Conflicting Numbers: College Enrollment Figures and Post-Grad Salaries Hardly Match Up

50 years ago, women attending college wasn't nearly as commonplace as it is these days.  And if they did, nine times out of ten it was only for them to get their "MRS" degree. For those of you unfamiliar with this degree plan, it's when a woman goes to college not to pursue any educational pursuits or ambitions, but to find a man actively pursuing his, marry him and then proceed to live out her days as a devoted wife and mother. Before I go any further, I want to stress that there's absolutely nothing wrong with doing this if it's really what your heart desires.  Some people long to do nothing more and nothing less than raise a family—and that's nothing to scoff at.  Parenting is the toughest gig in the world. You’re in complete control of another human’s existence, and you don’t get to take a vacation from it.  If that’s not overwhelming then I don’t know what is. Opting to be a homemaker because your husband and others around you deem his professional endeavors more worthwhile than yours is where we start to have problems.  The “MRS” system implied that things HAD to be a certain way. The woman was supposed to give up her hopes and dreams to find a man because God forbid she end up alone and possibly INDEPENDENT…OH MY! Luckily for me and future generations of free-thinking women everywhere the times have changed. At colleges across the globe women are studying everything from aerospace engineering to elementary education. Our interests and talents are far and wide and our involvement on university campuses reflects that.     More women than ever before are enrolled in school and pursuing higher education, and not only that, they are said to be outnumbering their male counterparts. According to the U.S. Department of Education 12.1 million women were enrolled in a degree-granting institution compared to just 9.1 million men. Compare that to statistics from 1970, which showed male, female enrollment at 5 million and 3.5 million, respectively. Talk about changing tides. Data also revealed that women are gaining ground in traditionally male-dominated fields such as business and math-based disciplines.  So, not only are they getting at home on campus, girls are branching out of their traditional comfort zones, likely in an attempt to remain competitive in this fierce economy. Another way women are striving to stay employable is by gaining not only bachelor’s but masters and doctorate degrees as well.  In the last few years, statistics have shown that women have consistently earned the majority of masters and doctorate degrees. That’s an impressive accomplishment when you look at where they were just 30 years prior. However, amidst all of this progress, there is still one area where women have yet to surpass men, and that is in the realm of equal compensation.  A year out of college, women are said to be earning 80 percent less than their male counterparts. Some say it’s partially because of the tendency for women to go for professions that historically pay less, but analysts says that’s not enough to account for the immense pay gap. News like this is nothing but discouraging. What does this teach the present and future generations of women? That their work and effort is not valued? That they still need a “man” to succeed and thrive? Whatever the cause, we can all agree it’s sending a conflicting message to our planet’s female population—both young and old. Women and men alike need to unite and stand for equality together, because until someone stands up to the broken system, what hope do we have of it changing?   Maria Rainier is a freelance blogger and writer for several educational websites and regularly updates an online degrees blog. Maria believes that online degrees and online universities are the future of higher learning. She is interested in all things concerned with higher education and is particularly passionate about life after college. Please share your comments with her.   Photo credit NazarethCollege via the Creative Commons License.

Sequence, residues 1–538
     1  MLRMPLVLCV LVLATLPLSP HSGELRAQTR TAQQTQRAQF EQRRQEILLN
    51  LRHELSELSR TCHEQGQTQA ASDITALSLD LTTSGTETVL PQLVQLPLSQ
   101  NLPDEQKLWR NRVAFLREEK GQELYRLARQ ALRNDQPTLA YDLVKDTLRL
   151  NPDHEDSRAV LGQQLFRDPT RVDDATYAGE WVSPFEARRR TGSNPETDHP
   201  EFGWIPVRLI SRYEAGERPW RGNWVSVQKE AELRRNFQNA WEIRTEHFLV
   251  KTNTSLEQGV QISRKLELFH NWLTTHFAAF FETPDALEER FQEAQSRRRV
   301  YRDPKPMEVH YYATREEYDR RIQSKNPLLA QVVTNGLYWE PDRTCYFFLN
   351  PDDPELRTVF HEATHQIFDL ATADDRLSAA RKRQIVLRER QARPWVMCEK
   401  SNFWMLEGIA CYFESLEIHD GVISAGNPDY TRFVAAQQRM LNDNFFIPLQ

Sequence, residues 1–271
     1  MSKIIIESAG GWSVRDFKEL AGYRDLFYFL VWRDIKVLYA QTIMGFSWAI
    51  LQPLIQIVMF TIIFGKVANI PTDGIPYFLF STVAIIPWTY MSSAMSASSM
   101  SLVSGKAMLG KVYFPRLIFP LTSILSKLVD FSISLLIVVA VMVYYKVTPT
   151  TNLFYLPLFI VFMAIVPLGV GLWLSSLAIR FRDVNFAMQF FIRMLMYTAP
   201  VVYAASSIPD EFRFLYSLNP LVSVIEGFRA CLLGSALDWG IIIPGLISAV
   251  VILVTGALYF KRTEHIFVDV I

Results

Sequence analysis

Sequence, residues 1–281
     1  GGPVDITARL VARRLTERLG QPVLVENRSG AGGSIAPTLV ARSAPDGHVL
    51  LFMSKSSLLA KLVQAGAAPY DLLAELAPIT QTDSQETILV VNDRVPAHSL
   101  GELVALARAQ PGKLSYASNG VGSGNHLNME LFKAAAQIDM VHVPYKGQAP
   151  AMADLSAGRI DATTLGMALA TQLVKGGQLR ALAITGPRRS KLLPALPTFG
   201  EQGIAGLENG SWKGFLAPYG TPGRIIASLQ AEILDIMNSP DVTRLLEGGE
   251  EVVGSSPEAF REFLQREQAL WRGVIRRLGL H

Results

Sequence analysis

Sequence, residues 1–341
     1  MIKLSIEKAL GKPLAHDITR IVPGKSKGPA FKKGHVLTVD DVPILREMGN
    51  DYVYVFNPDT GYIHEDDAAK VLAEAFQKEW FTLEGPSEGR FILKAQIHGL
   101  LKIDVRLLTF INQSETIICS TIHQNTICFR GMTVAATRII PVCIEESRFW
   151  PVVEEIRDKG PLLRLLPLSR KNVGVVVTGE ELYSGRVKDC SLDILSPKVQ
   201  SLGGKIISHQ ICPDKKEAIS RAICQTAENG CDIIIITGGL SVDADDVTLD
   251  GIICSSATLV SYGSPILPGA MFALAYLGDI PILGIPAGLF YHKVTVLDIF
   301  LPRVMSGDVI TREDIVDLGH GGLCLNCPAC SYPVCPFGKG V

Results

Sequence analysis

Tags: , ,

  • disqus_kaQB5hFF6A

    80% less huh… I think you need to go back and read the study again. Even IF theird data is valid… maybe it would be a good idea to check the AAUW’s website instead of referencing another feminist blog? Of course, then you might see that they were reporting that pay for women (all women vs all men… again, different data than you quoted here) was 77% of a man’s salary. 100%-77%=23% Have whatever opinions you want… but try not to create facts okay.